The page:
We decided we've out grown our space for events, and last year, we did the 710 Cup, and it was a huge success. We really wanted to grow as a company and throw a bigger event. We came up with Dabroots for our five year anniversary, and it's different than 710 because it's not a competition.

These people come to my store and are talking trash about the contest, so we are doing something a little differently. We want a friendly atmosphere. We are going to have laser tag, magicians, comedians, burlesque shows, fire dancers, tons of music, and hopefully, permits permitting, glass blowing. We want people to ask themselves, "What's going on here?" With spray painting, glass blowing... it's all going to be different than any other event because it's focused on the arts and talent, rather than the usual competition.

What about music and artists?

We've got the Malah, the Magic Beans, Whiskey Tango, and a few more we are waiting to hear back from. Those are Colorado bands that are great for the movement. The event is happening at the Donkey O.T., which is actually changing its name to Dark Star Lounge over by Bronco's stadium. We are taking the outside area with a mainstage, and having a stage inside, and the big thing is going to be laser tag. That's what I'm most excited about. I mean, it's burlesque, comedy, music... it's just going to be huge.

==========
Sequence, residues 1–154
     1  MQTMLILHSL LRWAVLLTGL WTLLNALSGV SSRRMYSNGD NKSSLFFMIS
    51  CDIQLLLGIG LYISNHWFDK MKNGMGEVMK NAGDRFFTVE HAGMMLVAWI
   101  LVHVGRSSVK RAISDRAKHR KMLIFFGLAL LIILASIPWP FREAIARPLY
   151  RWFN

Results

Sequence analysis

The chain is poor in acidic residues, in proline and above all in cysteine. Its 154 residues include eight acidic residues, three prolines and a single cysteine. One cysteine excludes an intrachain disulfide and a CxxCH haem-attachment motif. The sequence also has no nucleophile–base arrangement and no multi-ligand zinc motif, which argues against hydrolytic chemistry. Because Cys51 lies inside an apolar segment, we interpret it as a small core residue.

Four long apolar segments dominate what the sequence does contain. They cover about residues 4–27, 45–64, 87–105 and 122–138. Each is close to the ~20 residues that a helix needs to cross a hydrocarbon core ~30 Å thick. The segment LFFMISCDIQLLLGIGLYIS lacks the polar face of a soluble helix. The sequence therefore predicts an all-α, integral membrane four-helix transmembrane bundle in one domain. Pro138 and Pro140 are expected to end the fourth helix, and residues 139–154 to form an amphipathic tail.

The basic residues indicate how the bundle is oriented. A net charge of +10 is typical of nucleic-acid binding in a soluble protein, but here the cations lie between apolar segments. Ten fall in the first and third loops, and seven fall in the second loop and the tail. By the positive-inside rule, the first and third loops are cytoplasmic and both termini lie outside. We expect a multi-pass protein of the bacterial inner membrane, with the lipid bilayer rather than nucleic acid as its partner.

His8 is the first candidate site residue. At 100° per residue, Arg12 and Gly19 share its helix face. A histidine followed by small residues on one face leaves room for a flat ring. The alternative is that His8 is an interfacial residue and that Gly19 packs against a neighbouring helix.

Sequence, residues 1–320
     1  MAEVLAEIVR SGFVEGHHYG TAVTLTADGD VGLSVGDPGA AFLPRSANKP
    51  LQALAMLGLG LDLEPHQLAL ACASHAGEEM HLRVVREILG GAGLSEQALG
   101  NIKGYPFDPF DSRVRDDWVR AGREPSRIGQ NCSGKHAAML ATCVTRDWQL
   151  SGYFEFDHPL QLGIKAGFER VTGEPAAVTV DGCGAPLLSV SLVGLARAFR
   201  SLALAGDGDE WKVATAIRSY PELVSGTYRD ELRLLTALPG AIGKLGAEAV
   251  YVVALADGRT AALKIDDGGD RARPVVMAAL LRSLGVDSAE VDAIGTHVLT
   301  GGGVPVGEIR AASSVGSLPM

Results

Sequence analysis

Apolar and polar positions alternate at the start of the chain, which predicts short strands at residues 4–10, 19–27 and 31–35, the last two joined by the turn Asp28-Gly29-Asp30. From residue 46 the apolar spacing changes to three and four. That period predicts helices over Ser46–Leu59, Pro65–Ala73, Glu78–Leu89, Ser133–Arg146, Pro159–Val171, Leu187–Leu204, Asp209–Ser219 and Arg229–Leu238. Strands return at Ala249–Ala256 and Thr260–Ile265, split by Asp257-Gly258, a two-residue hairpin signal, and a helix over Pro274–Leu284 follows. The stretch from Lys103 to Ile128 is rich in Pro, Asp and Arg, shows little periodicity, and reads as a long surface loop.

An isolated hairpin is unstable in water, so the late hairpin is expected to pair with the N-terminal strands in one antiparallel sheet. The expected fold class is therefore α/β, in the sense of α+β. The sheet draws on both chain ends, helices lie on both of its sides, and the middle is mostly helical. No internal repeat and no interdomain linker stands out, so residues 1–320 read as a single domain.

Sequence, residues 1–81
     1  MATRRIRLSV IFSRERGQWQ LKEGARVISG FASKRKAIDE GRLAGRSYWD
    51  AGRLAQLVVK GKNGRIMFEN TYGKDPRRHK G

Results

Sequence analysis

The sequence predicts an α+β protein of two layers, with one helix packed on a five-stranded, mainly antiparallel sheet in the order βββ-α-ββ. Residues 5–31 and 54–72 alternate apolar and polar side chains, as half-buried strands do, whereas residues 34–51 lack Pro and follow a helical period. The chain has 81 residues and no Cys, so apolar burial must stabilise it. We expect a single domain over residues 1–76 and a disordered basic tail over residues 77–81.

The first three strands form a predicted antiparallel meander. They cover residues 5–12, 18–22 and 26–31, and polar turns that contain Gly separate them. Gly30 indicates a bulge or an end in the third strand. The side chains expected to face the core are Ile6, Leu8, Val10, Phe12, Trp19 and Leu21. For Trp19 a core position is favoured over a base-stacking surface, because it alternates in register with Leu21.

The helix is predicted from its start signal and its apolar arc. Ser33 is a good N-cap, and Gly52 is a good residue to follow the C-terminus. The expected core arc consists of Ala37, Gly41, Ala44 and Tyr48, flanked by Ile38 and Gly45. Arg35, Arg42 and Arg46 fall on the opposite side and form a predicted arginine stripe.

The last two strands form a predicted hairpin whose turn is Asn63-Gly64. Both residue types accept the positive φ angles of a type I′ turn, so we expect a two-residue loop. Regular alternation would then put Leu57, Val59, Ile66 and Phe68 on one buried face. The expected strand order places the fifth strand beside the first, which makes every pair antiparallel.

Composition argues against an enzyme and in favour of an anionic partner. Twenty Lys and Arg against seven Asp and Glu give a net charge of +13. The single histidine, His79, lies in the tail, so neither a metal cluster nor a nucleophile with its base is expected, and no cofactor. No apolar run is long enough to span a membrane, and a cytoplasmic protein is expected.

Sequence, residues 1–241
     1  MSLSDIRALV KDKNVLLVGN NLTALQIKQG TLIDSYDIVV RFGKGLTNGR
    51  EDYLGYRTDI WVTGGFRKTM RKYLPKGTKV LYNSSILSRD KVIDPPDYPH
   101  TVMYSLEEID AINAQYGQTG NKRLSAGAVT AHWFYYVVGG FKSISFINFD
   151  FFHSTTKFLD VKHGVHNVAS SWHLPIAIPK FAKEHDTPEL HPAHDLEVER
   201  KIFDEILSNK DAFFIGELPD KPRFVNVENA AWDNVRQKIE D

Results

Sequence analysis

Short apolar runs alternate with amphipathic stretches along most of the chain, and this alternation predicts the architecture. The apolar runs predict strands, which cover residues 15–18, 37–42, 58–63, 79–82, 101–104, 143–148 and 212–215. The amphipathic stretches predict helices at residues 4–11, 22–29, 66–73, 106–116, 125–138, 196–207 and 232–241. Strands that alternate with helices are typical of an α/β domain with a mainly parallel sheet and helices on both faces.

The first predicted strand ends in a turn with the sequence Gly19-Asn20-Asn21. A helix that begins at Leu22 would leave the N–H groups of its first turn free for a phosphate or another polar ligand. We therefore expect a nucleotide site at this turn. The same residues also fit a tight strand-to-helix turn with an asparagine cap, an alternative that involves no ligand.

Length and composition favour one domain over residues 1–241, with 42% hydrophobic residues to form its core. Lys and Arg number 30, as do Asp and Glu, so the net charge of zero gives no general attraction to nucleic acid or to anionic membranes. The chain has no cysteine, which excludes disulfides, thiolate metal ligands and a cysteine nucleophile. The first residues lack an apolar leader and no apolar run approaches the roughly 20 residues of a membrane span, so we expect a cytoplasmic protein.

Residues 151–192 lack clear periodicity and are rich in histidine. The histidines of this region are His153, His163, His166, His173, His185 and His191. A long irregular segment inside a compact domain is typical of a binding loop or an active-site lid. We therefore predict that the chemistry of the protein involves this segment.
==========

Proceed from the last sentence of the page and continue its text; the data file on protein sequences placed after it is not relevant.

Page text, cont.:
So how is this different than the 710 Cup?

It's not a contest. It's about the community and the movement. The motto for the event is "Dab the Rockies," so it's basically focused around music, fashion, culture, and the movement. We are also having an Easter Nug Hunt, and the VIP offers a champagne brunch and Italian family style buffet on Sunday. Hopefully, we will people walk away with an experience that they've never had before.

What kind of volume are you dealing with now after five years?

This year we broke 1,000 hat designs. We have about 1,300 designs right now, and 90% are hats, but we've done around 1,300 products. Last year we pretty much designed one hat per day. When we are trying to release products around the holidays, and with the new legalization around the country, more companies are coming to us trying to collaborate and get their name out. From dispensaries, seed banks, CBD oils... that goes to show that you don't need to sell marijuana, or even smoke it, to see that this industry is bringing business and creating jobs for people. I think we are living proof of that.